Posts Tagged ‘Labour Party’
The Labour Party: that pillar of the British constitution doesn’t have a right to exist
Sunday Mail, July 25th 2016
Politics requires a credible opposition that holds government to account. One that offers the prospect of an alternative government – but now, and for the foreseeable future, Scotland and the UK is without one.
This is due to the state of Labour. The last year has been one of the most disastrous in the party’s history. A second election defeat, Scotland lost – and then Brexit. And after last year’s defeat the party curled up even more in its comfort zone and elected Jeremy Corbyn.
Corbyn now faces a proper leadership contest against Owen Smith. The party has in two days enlisted 183,541 new members, producing 515,000 card-carrying members. But the party has lost control of who it is, or who its members are.
One big difference between Labour and Tories is that Tories love power and know how to use it. Labour don’t love power and don’t know how to use it. This division between the two parties has always been so. Read the rest of this entry »
Nine Months in the Death of Labour: A Response to the Corbynistas
Scottish Review, June 28th 2016
These are surprising times in Britain and its politics. Cameron gone. England and Wales dragging the UK out of the EU. The England football team defeated by Iceland. And somehow Jeremy Corbyn was meant to be the antidote to these political times.
He was different from the typical 21st century politician, a throwback to the days when all male left-wingers were like underpaid sociology lecturers – badly dressed and presented, rambling but affectionate and with their heart in the right place. Corbyn was never the answer, but he has quickly become the problem, and part of a much bigger set of problems that can’t be ignored – namely, will Labour survive?
It is understandable that some want to stand by their man against right-wing plotters, the media and enemies everywhere, but it is time for Corbynistas to think of more important things. Read the rest of this entry »
The Phoney War in British and Scottish Politics Will End Soon
Sunday Mail, January 10th 2016
The big news this week wasn’t the Corbyn re-shuffle of people no one had heard of. Nor was it Cameron’s retreat on the Euro referendum over Cabinet collective responsibility. And it certainly wasn’t Donald Trump threatening to pull future investments from Scotland.
Nor was it the hostile words between Saudi Arabia and Iran or continued anxieties about terrorism. Instead, it was instability in the world economy, Chinese economic wobbles, their currency devaluing again and stock market falling by 7%, contributing to a mind-blowing £2.5 trillion being wiped off world markets in a matter of days.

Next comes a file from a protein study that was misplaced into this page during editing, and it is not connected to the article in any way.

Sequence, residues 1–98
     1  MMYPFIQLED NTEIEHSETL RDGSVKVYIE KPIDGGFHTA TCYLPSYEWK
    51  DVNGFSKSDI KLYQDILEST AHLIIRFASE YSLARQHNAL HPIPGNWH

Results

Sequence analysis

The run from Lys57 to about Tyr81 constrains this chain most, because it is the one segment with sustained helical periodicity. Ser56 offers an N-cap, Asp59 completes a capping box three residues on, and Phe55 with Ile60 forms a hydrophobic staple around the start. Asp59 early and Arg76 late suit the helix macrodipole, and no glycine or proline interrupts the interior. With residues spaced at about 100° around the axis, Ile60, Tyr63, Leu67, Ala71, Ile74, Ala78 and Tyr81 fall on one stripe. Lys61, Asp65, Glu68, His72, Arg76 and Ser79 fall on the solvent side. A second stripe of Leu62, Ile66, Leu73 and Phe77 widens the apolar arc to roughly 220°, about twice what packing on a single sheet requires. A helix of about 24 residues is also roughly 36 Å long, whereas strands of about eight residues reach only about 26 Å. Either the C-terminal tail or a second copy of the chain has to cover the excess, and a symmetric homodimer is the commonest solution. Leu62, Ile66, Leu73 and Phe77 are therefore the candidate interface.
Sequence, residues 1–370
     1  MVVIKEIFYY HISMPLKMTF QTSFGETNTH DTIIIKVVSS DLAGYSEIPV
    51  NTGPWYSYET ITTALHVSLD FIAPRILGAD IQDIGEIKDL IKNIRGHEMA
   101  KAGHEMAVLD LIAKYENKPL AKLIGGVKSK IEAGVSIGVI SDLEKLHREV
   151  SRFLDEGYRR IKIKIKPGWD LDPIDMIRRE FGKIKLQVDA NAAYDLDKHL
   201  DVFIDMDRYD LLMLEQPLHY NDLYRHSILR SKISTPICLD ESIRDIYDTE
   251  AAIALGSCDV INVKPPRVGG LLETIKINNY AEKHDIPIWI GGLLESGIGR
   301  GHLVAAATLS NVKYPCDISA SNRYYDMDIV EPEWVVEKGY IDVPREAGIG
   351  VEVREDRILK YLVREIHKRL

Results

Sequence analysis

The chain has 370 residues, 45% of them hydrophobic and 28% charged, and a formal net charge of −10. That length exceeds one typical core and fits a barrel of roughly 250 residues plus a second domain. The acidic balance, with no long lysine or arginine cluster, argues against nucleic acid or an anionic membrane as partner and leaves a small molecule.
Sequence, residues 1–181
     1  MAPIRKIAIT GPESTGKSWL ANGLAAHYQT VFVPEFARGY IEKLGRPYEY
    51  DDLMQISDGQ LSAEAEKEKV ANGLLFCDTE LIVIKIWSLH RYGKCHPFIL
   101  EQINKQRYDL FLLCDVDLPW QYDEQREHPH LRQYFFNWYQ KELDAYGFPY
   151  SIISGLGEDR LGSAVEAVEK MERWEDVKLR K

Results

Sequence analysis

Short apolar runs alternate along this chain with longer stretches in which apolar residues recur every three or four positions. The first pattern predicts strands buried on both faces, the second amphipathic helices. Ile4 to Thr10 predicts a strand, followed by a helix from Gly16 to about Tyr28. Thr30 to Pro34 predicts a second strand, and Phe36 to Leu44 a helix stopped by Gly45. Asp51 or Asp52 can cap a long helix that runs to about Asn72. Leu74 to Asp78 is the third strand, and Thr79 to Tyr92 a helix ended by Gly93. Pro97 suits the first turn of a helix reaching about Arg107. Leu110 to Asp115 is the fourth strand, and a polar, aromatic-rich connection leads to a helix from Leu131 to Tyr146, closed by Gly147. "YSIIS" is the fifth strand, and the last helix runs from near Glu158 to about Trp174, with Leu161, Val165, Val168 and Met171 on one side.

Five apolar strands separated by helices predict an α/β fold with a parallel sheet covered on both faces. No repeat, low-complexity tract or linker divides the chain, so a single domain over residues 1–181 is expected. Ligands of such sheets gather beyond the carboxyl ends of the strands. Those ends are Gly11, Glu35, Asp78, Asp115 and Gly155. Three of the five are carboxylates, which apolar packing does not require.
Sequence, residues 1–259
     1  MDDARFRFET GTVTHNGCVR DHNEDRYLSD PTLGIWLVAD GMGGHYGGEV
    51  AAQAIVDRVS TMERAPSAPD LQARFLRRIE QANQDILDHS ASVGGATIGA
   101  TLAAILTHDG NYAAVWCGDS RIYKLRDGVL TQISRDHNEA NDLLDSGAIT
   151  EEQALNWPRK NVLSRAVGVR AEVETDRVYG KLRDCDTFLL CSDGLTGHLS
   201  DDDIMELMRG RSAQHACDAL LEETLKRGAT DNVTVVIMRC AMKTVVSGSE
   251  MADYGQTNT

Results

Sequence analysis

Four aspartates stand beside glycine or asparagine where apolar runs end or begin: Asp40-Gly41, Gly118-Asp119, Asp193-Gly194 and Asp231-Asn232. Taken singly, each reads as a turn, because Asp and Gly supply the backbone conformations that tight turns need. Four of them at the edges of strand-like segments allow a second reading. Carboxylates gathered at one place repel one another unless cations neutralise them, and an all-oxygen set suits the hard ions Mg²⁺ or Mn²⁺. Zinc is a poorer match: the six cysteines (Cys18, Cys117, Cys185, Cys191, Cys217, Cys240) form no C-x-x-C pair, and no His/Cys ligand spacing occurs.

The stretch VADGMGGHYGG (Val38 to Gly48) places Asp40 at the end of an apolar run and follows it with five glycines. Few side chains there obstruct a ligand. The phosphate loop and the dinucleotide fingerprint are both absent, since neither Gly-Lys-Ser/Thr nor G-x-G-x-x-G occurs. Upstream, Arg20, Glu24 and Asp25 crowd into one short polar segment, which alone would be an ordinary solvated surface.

While these turbulent economic storms blow over our heads, British and Scottish politics are strangely becalmed, focused on the small stuff, and seemingly unaware of choppy times ahead.
The Conservative Party has mastered the art of success for more than 150 years. George Osborne this week emphasised that austerity wasn’t over and people couldn’t just start spending the proceeds of growth.
In the real world, the economic recovery is fragile and unbalanced based on personal consumption, spiraling household debt, property prices and the biggest Balance of Payments deficit in UK history. London house prices sit at an ‘average’ £531,000: more unsustainable than the Blair/Brown ‘bubble’ of fantasyland Britain. Read the rest of this entry »
It’s a Family Affair: the Strange Relationship of Labour and SNP
Sunday Mail, April 26th 2015
The forthcoming general election in Scotland, and to an extent in the UK, is being decided by the battle between Labour and the SNP.
There is history and bad blood here which almost amounts to a bitter family feud. Insults such as ‘tartan Tories’ and ‘red Tories’ are exchanged – both phrases pre-exist their current Labour and SNP use, but are now synonymous with the enmity between the two.
The past is a distant country in this. The SNP electoral breakthrough when Winnie Ewing won Hamilton in 1967 sent a chill up Scottish Labour spines. It was one of the most impregnable Labour seats in the UK, and after it happened, politics were never ever quite the same again.
Labour’s anger against the SNP since then borders on the elemental. This was magnified and given validity by the events of March 28th 1979 when eleven SNP MPs voted with thirteen Liberals to bring down the Callaghan Government. This heralded the 1979 general election and Mrs. Thatcher – which Labour as a result believe the SNP (but never the Liberals) are in some way responsible for. Read the rest of this entry »
A Watershed Moment for Scottish Labour, Scotland and the UK
Sunday Mail, March 8th 2015
Scottish Labour’s predicament and condition is centre stage in British politics. It has become one of the major factors which will determine the fate of the next UK election and government.
Jim Murphy’s leadership, with its constant announcements and hyper-activity, whilst not having created the fundamental problems the party faces, seems to offer no real solution so far.
Underneath all this Scottish Labour does not understand the position it finds itself in and how to get out of it. Fundamentally the party does not comprehend the state of post-referendum Scotland it faces.
Its problems have been a long time coming: the morphing of the party into the political establishment, its lack of imagination and purpose about what devolution was for, and finally, its lack of a progressive case for the union in the referendum, combined with their alliance with the Tories in ‘Better Together’. Read the rest of this entry »